The statement—“We believe that with improvements in palliative care, good clinical care can be provided within existing legislation and that patients can die with dignity. A change in legislation is not needed.”—is heavily biased towards a “yes” answer, says Professor Gordon.
Meanwhile, Raymond Tallis, professor of geriatric medicine at the University of Manchester, recently commented that the statement was so “riddled with ambiguities” that “it is not possible to respond intelligently to the question about the need for a change in legislation” (Clinical Medicine 2006;6: 315-6).
Both colleges voted against a change in legislation.
Complaints from some members of the Royal College of Physicians about the question led to its rewording by Lord Joffe. The new question was emailed to fellowship and collegiate members and the results backed up the stand against changing the law (71% voted against in the email ballot compared with 73% in the postal and email ballot) although the response was smaller (2000 replies compared with 5000 in the postal and email survey).
The chairman of the GPs' royal college, Professor Mayur Lakhani, is confident that its council correctly captured the feelings of its 25 000 members.
“I genuinely feel that as a GP a change in the legislation is not something that GPs support,” he told the BMJ. The college argues that new legislation is not needed because improvements in palliative care mean that good clinical care can be provided: a contention that many in the debate endorsed—and others did not.
“People still die in undignified misery, despite good palliative care,” said John Fitton, a general practitioner in Kettering. “There is a growing percentage of people who think there is no sort of divine entity and they prefer to have the possibility of ending their life. Progress is being held up by an unelected bunch of bishops.”
Liberal Democrat MP and BMA representative Evan Harris said before the debate that “a tiny minority of religious activists” had sought to dictate policy on assisted dying in a covert way.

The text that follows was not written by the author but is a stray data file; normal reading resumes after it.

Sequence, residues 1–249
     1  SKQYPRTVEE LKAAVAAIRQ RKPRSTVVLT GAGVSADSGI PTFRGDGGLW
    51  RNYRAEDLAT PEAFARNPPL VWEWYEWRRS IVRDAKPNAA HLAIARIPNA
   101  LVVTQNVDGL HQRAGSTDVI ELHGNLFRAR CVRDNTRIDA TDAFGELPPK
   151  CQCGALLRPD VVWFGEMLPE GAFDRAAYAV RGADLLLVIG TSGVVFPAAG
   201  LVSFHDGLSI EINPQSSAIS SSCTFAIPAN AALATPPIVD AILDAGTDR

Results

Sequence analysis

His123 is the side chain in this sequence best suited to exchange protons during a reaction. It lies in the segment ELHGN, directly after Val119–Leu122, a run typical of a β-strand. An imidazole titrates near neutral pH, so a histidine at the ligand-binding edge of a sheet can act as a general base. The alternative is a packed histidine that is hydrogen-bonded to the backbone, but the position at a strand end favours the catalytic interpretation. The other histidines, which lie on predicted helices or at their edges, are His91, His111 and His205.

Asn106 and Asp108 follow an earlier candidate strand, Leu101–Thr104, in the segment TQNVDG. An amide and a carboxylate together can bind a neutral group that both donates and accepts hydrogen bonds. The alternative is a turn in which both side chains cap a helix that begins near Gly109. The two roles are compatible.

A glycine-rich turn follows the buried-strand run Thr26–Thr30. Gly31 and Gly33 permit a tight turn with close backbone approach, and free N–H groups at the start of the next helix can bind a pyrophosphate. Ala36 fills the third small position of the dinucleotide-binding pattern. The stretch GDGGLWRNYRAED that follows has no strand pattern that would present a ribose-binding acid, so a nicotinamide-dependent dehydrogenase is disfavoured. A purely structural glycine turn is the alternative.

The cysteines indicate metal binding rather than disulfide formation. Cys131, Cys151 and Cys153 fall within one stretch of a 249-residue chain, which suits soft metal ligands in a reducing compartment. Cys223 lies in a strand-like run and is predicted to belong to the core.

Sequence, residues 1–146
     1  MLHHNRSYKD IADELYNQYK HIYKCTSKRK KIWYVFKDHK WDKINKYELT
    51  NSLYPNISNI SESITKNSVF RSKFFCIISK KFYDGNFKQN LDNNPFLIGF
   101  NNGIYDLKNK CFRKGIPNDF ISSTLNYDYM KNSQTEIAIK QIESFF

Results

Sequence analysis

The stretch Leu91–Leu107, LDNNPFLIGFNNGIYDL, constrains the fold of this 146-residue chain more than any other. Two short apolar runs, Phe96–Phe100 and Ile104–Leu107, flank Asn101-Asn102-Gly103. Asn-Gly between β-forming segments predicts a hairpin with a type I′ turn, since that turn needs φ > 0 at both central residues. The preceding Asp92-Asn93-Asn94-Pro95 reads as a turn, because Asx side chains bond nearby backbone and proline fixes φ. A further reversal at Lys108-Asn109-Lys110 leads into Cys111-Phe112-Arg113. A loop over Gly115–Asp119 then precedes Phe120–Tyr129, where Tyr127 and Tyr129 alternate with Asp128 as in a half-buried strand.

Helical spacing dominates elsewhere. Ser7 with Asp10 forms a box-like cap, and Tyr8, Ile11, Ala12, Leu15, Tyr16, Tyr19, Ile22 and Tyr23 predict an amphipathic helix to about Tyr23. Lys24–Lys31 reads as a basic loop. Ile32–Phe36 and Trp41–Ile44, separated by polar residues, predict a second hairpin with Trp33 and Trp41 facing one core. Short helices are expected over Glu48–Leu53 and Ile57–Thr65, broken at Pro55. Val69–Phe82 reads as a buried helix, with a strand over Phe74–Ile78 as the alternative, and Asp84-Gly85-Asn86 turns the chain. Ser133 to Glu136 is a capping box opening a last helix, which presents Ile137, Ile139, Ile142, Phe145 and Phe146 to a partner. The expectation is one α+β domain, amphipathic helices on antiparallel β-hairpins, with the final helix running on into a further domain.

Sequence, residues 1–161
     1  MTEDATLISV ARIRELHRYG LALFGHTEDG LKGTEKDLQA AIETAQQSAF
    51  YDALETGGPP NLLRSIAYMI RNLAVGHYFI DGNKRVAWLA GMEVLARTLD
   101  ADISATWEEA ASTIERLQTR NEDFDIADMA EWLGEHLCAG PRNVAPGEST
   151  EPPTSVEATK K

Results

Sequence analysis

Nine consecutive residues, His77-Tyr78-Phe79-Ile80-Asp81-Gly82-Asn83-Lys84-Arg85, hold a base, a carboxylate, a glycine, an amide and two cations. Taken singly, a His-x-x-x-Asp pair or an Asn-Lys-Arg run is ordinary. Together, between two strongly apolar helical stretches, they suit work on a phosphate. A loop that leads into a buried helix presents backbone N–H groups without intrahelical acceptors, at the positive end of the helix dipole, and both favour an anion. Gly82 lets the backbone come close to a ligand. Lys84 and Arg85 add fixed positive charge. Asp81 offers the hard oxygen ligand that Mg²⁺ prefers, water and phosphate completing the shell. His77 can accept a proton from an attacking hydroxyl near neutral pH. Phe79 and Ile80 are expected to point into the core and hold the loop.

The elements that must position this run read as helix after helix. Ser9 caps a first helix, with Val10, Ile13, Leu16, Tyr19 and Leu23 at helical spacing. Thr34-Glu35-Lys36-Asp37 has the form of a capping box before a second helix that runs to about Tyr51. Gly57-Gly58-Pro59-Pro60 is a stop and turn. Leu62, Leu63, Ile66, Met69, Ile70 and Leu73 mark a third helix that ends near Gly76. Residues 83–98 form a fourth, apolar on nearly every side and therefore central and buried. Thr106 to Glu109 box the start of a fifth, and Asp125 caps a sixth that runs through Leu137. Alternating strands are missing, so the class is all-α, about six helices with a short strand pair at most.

“If parliament were minded to back public opinion on this then the BMA should be actively engaged in ensuring there will be safeguards for patients [in legislation that allows assisted suicide].”
When people are dying they are able to refuse lifesaving treatment, and they will die from their own choice, and they do not have to explain their decision, argued Dr Harris. But people who want help to end their lives have to give a reason and go to great lengths to be able to express their choice.
In his summing up before the vote, Michael Wilks said that even with universally available optimal palliative care there will be people who would still like the option of ending their life earlier.
When pressed on whether the change in the BMA's view might be seen by some as a return to paternalism, Dr Peter Saunders, formerly a surgoen and now secretary of Care Not Killing, argued that there are limits to the freedoms permissible in a democratic society. “The key question is whether we should change the law for a very small number of people. For the common good we should not,” he said.
Longer versions of these articles are on bmj.com